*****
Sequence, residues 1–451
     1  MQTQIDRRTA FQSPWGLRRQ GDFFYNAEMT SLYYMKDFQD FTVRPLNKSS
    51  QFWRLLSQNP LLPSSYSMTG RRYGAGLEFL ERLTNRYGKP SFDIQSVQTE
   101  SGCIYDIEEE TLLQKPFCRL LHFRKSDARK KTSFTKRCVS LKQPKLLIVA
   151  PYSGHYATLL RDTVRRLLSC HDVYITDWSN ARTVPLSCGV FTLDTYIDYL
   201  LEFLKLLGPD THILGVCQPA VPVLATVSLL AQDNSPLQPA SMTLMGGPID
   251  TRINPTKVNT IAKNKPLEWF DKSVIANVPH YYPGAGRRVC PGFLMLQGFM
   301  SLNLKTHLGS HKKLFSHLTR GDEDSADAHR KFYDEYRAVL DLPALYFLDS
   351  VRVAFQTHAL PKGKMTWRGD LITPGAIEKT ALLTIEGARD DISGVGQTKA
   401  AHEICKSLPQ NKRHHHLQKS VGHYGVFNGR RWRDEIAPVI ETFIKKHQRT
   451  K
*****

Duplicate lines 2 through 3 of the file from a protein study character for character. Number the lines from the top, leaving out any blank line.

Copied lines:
     1  MQTQIDRRTA FQSPWGLRRQ GDFFYNAEMT SLYYMKDFQD FTVRPLNKSS
    51  QFWRLLSQNP LLPSSYSMTG RRYGAGLEFL ERLTNRYGKP SFDIQSVQTE